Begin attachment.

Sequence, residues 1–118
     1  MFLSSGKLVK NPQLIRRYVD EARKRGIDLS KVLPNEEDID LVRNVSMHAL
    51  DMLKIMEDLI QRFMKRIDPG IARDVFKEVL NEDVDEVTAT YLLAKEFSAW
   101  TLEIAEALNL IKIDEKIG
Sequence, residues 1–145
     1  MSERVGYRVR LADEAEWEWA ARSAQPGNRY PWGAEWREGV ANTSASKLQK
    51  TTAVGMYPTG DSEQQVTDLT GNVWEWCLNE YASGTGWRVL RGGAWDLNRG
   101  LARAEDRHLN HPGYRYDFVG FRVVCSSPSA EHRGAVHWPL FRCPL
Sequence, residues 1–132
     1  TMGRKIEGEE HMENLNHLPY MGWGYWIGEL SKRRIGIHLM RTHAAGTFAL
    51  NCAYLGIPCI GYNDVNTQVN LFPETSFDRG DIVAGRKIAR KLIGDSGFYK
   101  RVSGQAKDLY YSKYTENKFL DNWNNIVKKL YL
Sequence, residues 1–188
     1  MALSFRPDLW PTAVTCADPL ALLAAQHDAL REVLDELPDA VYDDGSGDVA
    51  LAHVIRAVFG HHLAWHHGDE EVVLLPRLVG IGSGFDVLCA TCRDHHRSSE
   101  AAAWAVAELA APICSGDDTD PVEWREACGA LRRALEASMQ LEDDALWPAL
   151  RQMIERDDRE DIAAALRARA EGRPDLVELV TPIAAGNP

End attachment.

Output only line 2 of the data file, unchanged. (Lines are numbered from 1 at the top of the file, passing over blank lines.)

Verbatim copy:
     1  MFLSSGKLVK NPQLIRRYVD EARKRGIDLS KVLPNEEDID LVRNVSMHAL